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Surface Studio gets the teardown treatment, reveals a hidden ARM chip

The insides of Surface Studio have been revealed; an expensive adventure, since the device starts at $3,000. The teardown, of course, is by iFixit – the folks famous for their excellent toolkit, as well as their teardowns that make incredible devices look very lame (but still awesome).

The hardware inside Surface Studio puts us in awe yet still manages to disappoint in some regards – more on that in a moment; there are quite a few interesting things – some good, some bad, some leave us confused, while some leave us asking just… why?

You can check out the full iFixit teardown by following this link, but here’s a summary: if you plan on opening up your brand new Surface Studio – and you might want to after you read what’s inside it – you will need a lot of tools.

iFixit gave the Surface Studio a score of 5 for its reparability – describing it as average; it’s average because most of the hardware you would want to replace is within the base, which isn’t very hard to get into.

Oh, and it weighs 21 lbs.

Surface Studio Teardown by iFixit

About the Internals

Let’s just get this one out of the way: The Surface Studio has a hidden ARM processor behind its display, that – according to TheVerge – drives the incredible and massive PIxelSense display.

It’s not every day we see an ARM processor hidden inside a desktop computer – but that’s where the world is going now.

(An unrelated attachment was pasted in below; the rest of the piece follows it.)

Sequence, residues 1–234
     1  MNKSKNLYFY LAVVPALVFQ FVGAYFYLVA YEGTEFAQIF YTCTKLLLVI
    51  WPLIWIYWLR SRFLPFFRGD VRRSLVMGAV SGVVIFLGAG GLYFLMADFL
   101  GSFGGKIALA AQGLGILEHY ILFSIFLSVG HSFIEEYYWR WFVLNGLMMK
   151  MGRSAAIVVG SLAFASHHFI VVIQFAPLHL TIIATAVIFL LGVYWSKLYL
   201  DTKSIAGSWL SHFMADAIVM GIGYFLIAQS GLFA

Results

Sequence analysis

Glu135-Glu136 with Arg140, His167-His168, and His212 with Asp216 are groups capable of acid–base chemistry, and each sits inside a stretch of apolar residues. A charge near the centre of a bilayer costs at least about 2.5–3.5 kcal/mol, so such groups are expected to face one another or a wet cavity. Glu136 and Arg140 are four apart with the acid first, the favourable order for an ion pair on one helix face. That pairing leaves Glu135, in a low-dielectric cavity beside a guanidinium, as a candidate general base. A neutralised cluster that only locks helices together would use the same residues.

While the Surface Studio has a decent score of five for reparability, it is pretty bad in terms upgradability – the RAM, GPU, and CPU are all soldered to the motherboard, leaving you with no option to upgrade them.

This, of course, also means that you simply won’t be able to watch Netflix in 4K on a Surface Studio – the implementation requires a 7th generation Intel processor, while the Surface Studio comes with the 6th generation one. Quite a tricky situation, Microsoft has put itself into.

The Storage

The All-in-One also features two storage devices – a SanDisk M.2 SATA3 SSD, and a 2.5″ Seagate SATA2 5400 RPM hard disk. Wait a minute – SATA2 hard disk? Have we time traveled to the past? Microsoft is using a SATA2 hard disk in a $3,000 desktop. That can’t be good.

It is disappointing – however, it is easily replicable, so at least it’s got that going for it. It’s unclear whether replacing it with a SATA3 hard disk would give any benefits – the connector to the motherboard itself could be limited to SATA2, which would make an upgrade to SATA3 a pointless endeavor.

The Interesting Bits

The Surface Studio comes with an in-built SD card slot – this slot might, in fact, be replicable, as it is its own tiny modular board. The same goes for the 3.5mm jack as well.

The 275W inbuilt power supply is made by Lite-On and is dual-switch, therefore supports voltages ranging from 110V to 240V – you can plug it in anywhere in the world, and it will work.

The incredible hinge with custom-designed parts by Microsoft that allows the Studio to go from vertical to horizontal with a gentle touch is powered by springs – if you want to open up the display, you are going to have to go through the menace of a springy explosion.

Microsoft Surface Studio

About the Score

The folks at iFixit have given Surface Studio a reparability score of 5, despite the soldered CPU, GPU, RAM, and the billion other silicon chips that power this beast that are not very easy to replace. It’s the same score iFixit gave to Apple’s i5 iMac if that’s of any concern.

Of course, opening the thing up would void any and all Microsoft warranties – so you probably don’t want to do that, considering the price.

You can check out the full iFixit Teardown, by following this link.

Image Credit: iFixit

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